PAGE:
Password save extension (work in progress)

After seeing Encryption for progress, I got interested in what a password save system extension might look like.

Here’s a work in progress start to one possible solution:

If you’re at all interested in this, you probably want to open the blocks editor; here’s a direct link: https://arcade.makecode.com/#pub:github:jacobcarpenter/pxt-password-save.

The extension works like this:

First you define a save format:

Here we are creating one that can store a number from 0 to 255 plus one boolean value. This format definition should only be done once, and changing it (between versions of the game or anything) will make old codes stop working.

Next you might want to generate a password:

The top box shows setting some (random) values in our save format’s data. The bottom box will splash the password representing the current data.

And finally you may also want to load from a password:

You’ll notice that prompt returns a boolean, because the user may fail to type a correct password. [Inside of that ShowSaveData block, the values are read out of the save format’s data to confirm the password loaded correctly.]

Currently the password format is very simple: all the data is packed together and a checksum is added and then it’s encoded using Douglas Crockford’s flavor of Base32 encoding. The password is always shown with capital letters, but you can also use lowercase letters on the way back in.

I’d be interested to hear any feedback you have. Too complicated? Passwords too long? Need to store bigger numbers? Etc.

5 Likes

I did a bit more testing and I have some plans for modifications:

  • in my tests, passwords were ending with 0 too often, which was a result of the order I was storing the bitflags (high order bit to low order); reversing the storage looks like it’ll add more variety to pw strings.
  • passwords aren’t currently tied to a game at all; you could bring a pw from one game to another, and, if they had a similar structure, you could have a valid password that would load the wrong data for the other game. I plan to add a parameter to the create method that takes a gameId which will be hashed and mixed in with the data to tie the passwords more directly to a specific game.
  • there’s still a lot of waste in the format, resulting in longer than necessary pw strings—if you only have one or two flags, I’m still reserving a full 8 bits for it.
    • considering adding a smaller number type (4 or 5 bits) for more efficient storage of small numbers—for a lot of arcade games, this seems like a better size for storing something like a LevelNumber than the current range of 0..255.
    • with a smaller number type, it’d be easier to pack in small batches of flags without reserving a whole separate byte for them.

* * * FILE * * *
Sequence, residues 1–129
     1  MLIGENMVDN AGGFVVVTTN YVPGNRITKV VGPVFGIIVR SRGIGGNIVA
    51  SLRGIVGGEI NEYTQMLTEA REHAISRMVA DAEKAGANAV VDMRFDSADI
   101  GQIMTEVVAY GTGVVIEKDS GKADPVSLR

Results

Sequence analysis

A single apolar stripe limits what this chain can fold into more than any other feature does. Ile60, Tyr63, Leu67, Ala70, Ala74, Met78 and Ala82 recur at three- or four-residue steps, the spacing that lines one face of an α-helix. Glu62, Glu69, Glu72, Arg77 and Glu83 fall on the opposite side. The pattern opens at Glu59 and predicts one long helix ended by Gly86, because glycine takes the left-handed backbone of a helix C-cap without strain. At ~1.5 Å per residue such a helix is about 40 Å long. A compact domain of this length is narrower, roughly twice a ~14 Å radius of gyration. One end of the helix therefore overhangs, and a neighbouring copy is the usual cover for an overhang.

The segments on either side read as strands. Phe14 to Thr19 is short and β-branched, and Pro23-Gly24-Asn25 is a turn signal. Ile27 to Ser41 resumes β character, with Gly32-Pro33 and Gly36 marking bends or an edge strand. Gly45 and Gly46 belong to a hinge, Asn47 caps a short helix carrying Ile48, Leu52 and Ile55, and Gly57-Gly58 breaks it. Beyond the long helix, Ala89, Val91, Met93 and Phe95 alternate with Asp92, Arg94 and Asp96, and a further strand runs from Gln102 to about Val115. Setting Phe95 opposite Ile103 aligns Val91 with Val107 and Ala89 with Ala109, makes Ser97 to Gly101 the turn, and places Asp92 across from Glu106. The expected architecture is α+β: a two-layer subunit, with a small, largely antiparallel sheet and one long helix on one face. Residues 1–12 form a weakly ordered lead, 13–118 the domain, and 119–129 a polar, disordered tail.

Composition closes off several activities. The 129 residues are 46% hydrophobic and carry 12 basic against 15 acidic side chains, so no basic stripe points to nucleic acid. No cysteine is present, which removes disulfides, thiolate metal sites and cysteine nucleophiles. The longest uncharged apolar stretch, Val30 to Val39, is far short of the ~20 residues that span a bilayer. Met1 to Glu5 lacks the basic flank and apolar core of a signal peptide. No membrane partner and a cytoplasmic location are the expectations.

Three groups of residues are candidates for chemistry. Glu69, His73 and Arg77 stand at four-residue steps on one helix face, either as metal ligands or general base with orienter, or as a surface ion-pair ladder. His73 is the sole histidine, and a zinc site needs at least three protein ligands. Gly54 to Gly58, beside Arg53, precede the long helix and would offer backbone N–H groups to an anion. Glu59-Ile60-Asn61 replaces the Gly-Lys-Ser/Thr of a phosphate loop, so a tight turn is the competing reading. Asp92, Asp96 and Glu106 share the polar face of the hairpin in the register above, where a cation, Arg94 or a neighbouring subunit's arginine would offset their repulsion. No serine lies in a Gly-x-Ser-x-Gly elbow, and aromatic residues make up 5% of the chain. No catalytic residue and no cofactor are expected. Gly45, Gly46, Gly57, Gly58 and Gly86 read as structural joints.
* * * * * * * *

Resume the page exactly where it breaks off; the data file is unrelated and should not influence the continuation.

• could also add support for a dynamic checksum size to better fit in with small numbers of flags.
    • also, since base32 encodes the data 5-bits at a time, I could track the significant bits count more closely and potentially trim off some of the unused space at encode time…
1 Like

The dereferencing null/undef value error doesn’t happen if I use your direct link to open it though.

Would it be possible to use 2 bytes for the numbers so you could store numbers between 0 - 65535? And maybe also include a version that allows negative numbers between -32767 and -32767? (I think those are the right numbers) It’s hard to do bit shifting in blocks.

And also if I import the extension it seems to automatically run the demo - I think the demo should go in test.ts instead of main.ts?

Also, running the demo results in a dereferencing null/undefined value too after this screen:
image

… if I import the extension it seems to automatically run the demo - I think the demo should go in test.ts instead of main.ts ?

Oh. Good tip! I’ll fix that.

(paraphrased) Would it be possible to add 2 byte signed and unsigned variants?

Yes, it certainly would, though those larger values will make the passwords noticeably longer. Do you have an example of the kind of data you might want to reserve such a large number for?

It’s hard to do bit shifting in blocks.

No argument here. You can get the same results with multiplication / division, though:

To turn a value in the range 0..65,535 into two bytes:

byte_1 = value \ 256
byte_0 = value % 256

(The backslash means integer division, instead of normal/floating point; there is a block for it, hidden behind the drop-down on the square root block.)

To turn two bytes back into a single value in the range 0..65,535:

value = byte_1 * 256 + byte_0

Also, running the demo results in a dereferencing null/undefined value too after this screen

The dereferencing null/undef value error doesn’t happen if I use your direct link to open it though.

Hm. I’ll do some testing to see if I can repro.

1 Like

Yes, forgot about the tech words signed and unsigned. (For goodness sake, it’s in my freaking username)

And I wouldn’t want to limit my score to only 255 points!

Maybe make one function with 2 drop downs deciding between signed/unsigned and byte/int?

:joy:

And I wouldn’t want to limit my score to only 255 points!

Sure… yeah; I was thinking of more of a Metroid / Castlevania / Mega Man type pw system where you’re more tracking collected items / location than a score. But I can see some games wanting to save an in-progress run’s current score behind a password.

I’ll add support for a 2 byte value. (Probably as distinct blocks rather than a drop-down though; drop-down seems like it’s more effort for the coder to get to the right type when they want to use it, rather than just picking the block they know they want.)

1 Like